is probably the smartest thing you've ever written. I loved it especially the assmiliation part. Oppression, fear of the autocrat and tyranny becomes a part of them. Keep them poor uneducated and unarmed lone enough and eventually, it becomes part of the culture. this assimilation, fear, mindless zombie metality, dear leader know what's best for me cycle is probably why it's hard to get revolutions going in places like North Korea.
On to more heaps of praise. This whole scene with Fer is fantastic. Where else would he go to get good gossip but the bar! Good Believeable dialouge, interesing characters acting in the way I expect them to act. There's so much tension and danger too!
The only thing I'm wondering is: Why does Fer come right out and ask for this one particular slave. Is it because he's reckless? I mean, I get that this dirt bag is greedy and isn't going to ask alot of questions cause he wants that money but he doesn't seem like a very trusting guy either. Fer is a stranger. Maybe it's not even relative to the story. Maybe this dirt bag is going to double cross fer. After all it is your story!lol. I also get that Fer isn't a trained spy. But that was the only thing that seemed... curious to me. Not that it's distracing from the story, just something I picked up on.
Oh and I liked this line too: “Perhaps she would not make such a good wife. Already she has a wandering eye.”
I'm still so excited for the next chapter!
Author's Response: Wow, thanks Duchess. This means a lot to me. This part of the story was difficult for me. Iíve never written like this before, at least the plot. Romance? No problem, but when you start getting into the Indiana Jones type stuff, itís sometimes a real brain teaser. There is a reason why I needed to show the oppression here. The constant question was, well why donít they just run away? I needed to show why that is not an option and in later chapters it will hopefully help solidify the reason. If you beat someone down long enough and tell them that they are worthless, eventually they start to believe that. And then you can dangle the carrot in front of them. They get their reward and suddenly you control their self-worth. After they are assimilated, their value increases. Itís all kind of a sick business. Anyways, I think you answered your own question about Fer. Yes, he is reckless. He kind of has no choice but to be this way. First of all, thatís just Fer, act first and deal with the rest later. But he is also thinking only of Terr at this point. Her life is on the line, a very thin line. He has no time to develop trust with the Southrons. Heís gotta get in and get out quickly. Heís thinking on his toes and hoping it will be enough. I would say asking for a specific slave is not common and would raise all kinds of suspicions, but then the bad guy is in a crooked business of his own. Thereís nothing you canít ask him for that he wonít find, as long as the price is right. So yes, Fer can ask him about a certain slave and pretend it is for his master. Iím sure word gets around about certain well trained servants and their value is just as high as material things. He who has the most and best toys wins. Still, Fer is acting out of desperation. Knowing that Terr is locked up in that horrid cell is breaking his heart every day that passes. The weight of the world is on his shoulders. Terrís life is in his hands. His arrogance pushes him to make these quick decisions. Although he has grown mentally, heís still young enough to think he is invincible, that he can get himself out of any situation. There are lessons to be learned though and I think Fer will come to realize that Ďrecklessí does not mean untouchable.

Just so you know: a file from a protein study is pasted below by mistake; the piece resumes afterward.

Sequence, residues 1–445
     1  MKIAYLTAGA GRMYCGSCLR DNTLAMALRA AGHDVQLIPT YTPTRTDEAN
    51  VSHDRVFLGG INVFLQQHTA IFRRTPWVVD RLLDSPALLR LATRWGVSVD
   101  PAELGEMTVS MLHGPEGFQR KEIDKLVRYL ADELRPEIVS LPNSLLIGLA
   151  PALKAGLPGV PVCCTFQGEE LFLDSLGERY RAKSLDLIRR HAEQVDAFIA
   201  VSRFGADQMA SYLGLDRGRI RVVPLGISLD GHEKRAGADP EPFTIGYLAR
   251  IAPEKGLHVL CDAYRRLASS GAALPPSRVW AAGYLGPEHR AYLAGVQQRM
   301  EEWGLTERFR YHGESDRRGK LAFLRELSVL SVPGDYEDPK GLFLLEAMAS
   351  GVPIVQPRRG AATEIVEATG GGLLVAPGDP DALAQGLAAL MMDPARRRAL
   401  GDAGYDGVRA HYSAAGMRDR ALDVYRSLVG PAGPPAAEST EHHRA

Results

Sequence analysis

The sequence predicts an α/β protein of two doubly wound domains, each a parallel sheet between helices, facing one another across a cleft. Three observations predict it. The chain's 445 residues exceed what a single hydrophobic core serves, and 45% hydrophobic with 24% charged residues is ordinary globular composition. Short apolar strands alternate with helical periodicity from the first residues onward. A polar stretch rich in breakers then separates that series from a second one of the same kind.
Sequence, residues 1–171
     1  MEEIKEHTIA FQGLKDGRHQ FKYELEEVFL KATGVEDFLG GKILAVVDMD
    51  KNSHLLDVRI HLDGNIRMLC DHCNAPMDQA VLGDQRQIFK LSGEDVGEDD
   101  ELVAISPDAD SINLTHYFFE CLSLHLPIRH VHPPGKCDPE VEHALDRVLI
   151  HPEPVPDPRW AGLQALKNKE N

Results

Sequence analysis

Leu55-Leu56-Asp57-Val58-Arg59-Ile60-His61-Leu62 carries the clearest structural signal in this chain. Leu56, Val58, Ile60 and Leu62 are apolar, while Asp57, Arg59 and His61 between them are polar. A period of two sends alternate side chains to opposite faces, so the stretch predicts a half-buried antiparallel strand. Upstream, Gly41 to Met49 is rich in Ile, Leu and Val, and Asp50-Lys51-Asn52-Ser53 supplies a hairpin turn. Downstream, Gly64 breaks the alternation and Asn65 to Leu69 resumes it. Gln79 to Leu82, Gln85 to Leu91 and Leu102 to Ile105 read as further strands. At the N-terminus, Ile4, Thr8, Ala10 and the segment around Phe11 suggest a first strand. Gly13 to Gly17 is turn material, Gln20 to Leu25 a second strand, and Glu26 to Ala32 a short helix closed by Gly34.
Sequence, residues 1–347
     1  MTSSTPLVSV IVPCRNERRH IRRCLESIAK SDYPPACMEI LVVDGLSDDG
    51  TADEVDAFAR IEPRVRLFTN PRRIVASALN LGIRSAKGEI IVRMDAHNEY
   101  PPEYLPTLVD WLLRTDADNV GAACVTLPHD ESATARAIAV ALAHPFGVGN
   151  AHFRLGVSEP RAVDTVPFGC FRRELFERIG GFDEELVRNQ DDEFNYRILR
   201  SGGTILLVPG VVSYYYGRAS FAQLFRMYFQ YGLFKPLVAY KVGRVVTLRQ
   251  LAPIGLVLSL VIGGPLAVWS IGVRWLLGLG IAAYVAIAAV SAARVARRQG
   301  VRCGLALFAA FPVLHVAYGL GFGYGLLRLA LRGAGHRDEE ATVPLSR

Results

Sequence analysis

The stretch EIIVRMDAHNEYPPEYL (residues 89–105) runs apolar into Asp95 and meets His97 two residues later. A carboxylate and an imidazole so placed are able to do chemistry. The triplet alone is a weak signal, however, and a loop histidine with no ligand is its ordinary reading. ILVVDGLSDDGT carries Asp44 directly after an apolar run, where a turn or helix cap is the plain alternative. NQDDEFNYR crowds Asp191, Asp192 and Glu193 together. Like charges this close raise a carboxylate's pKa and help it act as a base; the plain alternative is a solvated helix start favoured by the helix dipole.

Loved it! Totally didn't see that coming with the girl in green. I never would have guessed that she was setting him up. I like too how you didn't give her a name, just called her the girl in green. It keeps in line with the whole sort of oppression/lack of identity/indivdualism thing.
I just took a class from the RWA abotu story logic. (Dont' ask me how you can be a writer and have trouble with story logic). But my point is, your characters, motivations, plots are always logically. There's always a reason why things are done, or things happen. Of course Fer doesn't think about the consequences of going into that tunnel. He's reckless by nature and desperate. If he suddenly starts acting timid, he better have a darn good reason. Even then, I'd think the story had jumped the shark. I guess some people like you just have a natural feel for story logic.
Seriously, though... this story is so great, I don't know how you're going to top it! lol